A cautionary note from the research is warranted, however, While most studies have found Wraparound to be associated with positive residential, functioning, and cost outcomes, two recent studies found Wraparound to result in positive outcomes for families, but outcomes that were no better than "services as usual" in their systems. These two studies shared one major thing in common – both found Wraparound fidelity to be far below recommended norms and implementation quality overall to be poor. Rather than be ignored as outliers, such research underscores the importance of attending to system and program factors, and maintaining a focus on fidelity of implementation, as is described by the materials on the NWI website and promoted by the training and TA of NWIC. (For more on this recent research, see the new chapter in the Resource Guide to Wraparound.)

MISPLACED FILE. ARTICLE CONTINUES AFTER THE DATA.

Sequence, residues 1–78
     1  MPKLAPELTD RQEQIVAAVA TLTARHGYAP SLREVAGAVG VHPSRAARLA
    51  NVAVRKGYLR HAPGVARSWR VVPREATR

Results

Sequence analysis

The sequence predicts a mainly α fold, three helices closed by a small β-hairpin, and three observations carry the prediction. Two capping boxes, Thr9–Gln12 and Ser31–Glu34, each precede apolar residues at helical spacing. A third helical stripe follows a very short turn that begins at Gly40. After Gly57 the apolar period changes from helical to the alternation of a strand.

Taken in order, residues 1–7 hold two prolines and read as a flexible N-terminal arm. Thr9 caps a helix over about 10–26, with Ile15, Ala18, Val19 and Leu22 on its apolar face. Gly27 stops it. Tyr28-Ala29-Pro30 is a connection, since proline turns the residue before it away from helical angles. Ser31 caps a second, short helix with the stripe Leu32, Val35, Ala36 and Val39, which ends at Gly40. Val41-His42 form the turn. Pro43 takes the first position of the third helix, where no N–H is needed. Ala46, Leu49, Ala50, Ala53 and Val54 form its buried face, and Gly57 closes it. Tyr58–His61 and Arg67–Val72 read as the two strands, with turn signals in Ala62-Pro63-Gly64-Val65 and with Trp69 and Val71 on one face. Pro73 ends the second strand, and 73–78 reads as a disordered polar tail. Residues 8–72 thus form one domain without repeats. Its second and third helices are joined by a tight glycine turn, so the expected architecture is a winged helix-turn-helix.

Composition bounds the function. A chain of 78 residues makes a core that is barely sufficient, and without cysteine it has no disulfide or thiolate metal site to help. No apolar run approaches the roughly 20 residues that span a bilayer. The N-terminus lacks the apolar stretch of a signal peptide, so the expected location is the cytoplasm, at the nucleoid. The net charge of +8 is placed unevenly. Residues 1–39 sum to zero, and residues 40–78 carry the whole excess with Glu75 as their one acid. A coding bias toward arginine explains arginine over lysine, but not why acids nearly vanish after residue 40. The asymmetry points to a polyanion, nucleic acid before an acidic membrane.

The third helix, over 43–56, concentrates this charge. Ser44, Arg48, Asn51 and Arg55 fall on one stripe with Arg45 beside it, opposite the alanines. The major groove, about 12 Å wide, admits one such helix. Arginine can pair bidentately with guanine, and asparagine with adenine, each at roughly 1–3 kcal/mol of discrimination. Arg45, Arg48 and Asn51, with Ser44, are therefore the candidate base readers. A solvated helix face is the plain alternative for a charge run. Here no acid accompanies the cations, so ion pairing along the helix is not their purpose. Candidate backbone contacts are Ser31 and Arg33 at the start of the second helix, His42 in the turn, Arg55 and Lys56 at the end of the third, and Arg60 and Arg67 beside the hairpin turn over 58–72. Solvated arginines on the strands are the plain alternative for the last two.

The information on this page has been peer reviewed through the NWI. http://nwi.pdx.edu/
Suter, J.C. & Bruns, E.J. (2009). Effects of Wraparound from a meta-analysis of controlled studies. Clinical Child and Family Psychology Review, 12, 336-351.